Speaker of the House Paul Ryan says that he and President Barack Obama will have "one heck of a contrast" in the coming year but that he hopes the pair will find some areas of common ground.
"We don't agree on much. We see things differently," Ryan told NBC's Chuck Todd in an exclusive interview taped Friday at the Capitol.
"What we will probably try to do is, where we can get things done, where we can find common ground without compromising principles, get those things done," the newly-minted speaker added. "Make sure that government works. But we're going to have one heck of a contrast in 2016."
Ryan said that he has not yet had a formal one-on-one meeting with the president but that Obama has invited him to share a meal with him next year. Ryan, a Wisconsin congressman and the Republican Party's 2012 vice presidential nominee, took on the House's top job in October.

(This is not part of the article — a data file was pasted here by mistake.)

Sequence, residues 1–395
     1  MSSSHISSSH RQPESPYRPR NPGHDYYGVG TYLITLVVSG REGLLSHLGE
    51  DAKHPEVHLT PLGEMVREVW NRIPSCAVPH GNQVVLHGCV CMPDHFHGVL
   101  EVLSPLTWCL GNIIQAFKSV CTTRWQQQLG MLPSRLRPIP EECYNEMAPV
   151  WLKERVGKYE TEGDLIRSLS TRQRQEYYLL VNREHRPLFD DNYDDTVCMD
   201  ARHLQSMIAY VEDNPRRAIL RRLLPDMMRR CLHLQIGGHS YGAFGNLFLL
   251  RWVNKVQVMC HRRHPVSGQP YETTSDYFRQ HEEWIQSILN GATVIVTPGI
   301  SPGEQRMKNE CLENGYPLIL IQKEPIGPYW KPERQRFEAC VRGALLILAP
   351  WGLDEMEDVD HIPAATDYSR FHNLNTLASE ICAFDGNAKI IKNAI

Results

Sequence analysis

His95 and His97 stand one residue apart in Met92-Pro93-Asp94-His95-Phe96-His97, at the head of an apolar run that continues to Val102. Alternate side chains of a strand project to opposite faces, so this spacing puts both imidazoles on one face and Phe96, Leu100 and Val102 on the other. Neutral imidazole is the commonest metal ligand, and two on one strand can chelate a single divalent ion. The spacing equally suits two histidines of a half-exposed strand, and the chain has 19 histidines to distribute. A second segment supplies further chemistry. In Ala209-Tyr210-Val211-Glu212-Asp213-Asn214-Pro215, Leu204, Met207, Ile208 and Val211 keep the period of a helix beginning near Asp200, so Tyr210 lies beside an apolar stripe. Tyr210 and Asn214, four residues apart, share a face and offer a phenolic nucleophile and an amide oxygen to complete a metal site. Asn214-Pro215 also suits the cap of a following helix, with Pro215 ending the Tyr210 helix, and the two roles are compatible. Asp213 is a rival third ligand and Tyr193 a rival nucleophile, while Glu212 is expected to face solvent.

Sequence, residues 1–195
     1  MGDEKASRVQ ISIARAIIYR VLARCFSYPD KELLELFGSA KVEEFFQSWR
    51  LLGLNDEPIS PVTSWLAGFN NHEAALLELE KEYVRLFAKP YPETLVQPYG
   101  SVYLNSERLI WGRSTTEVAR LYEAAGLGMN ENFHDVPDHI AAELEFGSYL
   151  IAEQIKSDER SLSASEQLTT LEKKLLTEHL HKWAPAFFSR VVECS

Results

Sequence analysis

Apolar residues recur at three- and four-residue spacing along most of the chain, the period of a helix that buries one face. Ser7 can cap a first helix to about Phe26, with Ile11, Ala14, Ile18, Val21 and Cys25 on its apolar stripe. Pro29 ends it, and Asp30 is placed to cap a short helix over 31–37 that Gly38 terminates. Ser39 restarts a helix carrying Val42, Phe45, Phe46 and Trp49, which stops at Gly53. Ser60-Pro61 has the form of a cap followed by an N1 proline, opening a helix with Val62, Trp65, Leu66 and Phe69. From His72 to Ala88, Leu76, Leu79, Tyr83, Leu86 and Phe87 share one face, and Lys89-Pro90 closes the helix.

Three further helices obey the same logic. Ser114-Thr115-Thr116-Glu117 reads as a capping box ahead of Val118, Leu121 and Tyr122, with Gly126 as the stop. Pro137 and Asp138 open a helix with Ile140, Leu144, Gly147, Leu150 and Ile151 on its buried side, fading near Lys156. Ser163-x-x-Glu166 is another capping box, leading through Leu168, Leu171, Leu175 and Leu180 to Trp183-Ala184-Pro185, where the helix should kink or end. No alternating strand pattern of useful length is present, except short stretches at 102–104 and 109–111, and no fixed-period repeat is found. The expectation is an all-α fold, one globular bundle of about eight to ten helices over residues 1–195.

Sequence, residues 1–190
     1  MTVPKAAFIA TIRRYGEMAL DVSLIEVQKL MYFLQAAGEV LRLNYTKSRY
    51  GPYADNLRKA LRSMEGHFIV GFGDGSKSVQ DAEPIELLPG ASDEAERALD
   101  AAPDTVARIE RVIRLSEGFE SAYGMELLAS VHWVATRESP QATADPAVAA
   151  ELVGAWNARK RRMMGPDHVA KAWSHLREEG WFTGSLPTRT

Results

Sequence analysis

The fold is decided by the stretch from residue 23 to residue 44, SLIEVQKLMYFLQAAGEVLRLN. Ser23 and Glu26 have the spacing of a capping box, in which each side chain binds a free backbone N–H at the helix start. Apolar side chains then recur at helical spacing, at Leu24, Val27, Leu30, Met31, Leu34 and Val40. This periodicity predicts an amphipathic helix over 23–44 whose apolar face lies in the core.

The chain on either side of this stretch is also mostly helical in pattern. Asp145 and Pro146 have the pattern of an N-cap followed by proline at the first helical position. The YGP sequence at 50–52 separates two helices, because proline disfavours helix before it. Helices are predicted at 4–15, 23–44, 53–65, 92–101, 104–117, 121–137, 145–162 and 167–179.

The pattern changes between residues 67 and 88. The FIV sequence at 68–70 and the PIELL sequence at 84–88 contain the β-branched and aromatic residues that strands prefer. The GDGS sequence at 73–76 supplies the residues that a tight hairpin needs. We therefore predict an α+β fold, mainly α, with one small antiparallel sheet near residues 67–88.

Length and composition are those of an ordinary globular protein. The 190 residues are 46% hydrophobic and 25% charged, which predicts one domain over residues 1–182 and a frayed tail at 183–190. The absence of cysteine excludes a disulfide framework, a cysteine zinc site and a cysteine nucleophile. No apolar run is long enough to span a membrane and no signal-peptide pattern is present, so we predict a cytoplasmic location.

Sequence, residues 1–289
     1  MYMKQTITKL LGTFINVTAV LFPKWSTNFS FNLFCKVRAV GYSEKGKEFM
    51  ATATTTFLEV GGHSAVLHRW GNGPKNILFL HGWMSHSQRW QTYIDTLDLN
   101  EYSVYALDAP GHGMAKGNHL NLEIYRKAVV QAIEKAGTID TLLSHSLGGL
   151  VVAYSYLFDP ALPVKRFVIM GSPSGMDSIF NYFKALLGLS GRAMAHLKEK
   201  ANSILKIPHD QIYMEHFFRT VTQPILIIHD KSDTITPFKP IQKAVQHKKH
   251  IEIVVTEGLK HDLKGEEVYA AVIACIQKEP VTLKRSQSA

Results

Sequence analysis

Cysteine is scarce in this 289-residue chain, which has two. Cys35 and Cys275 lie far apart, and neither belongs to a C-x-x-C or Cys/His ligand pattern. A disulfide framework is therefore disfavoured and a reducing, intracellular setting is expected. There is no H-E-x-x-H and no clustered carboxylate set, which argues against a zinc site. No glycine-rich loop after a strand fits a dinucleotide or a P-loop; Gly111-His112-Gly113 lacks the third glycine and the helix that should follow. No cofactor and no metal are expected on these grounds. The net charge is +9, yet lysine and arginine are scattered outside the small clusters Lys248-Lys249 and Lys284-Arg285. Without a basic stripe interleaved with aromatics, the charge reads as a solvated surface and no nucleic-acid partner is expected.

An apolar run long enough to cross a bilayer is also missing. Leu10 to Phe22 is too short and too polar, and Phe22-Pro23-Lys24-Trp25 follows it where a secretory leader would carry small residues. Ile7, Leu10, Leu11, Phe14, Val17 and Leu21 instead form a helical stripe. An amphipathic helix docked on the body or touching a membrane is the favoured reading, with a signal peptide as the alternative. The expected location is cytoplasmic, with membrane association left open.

The House Speaker made the comments shortly after Congress easily approved a $1.1 trillion government spending bill, which both sides described as compromise legislation.
In his end-of-year press conference, President Barack Obama also highlighted his differences with Ryan but said they have worked well during Ryan's tenure wielding the gavel.
"He has been professional. He has reached out to tell me what he can do and what he cannot do. I think it's a good working relationship," Obama said of Ryan, saying that he deserves "kudos" for his work on budget issues so far.
"We recognize that we disagree on a whole bunch of other stuff, and have fundamentally different visions for where we want the country to go," the president said, adding that the Wisconsin lawmaker is nonetheless "respectful of the process and respectful of how legislation works."
The full interview will be aired on NBC's Meet the Press on Sunday, December 20.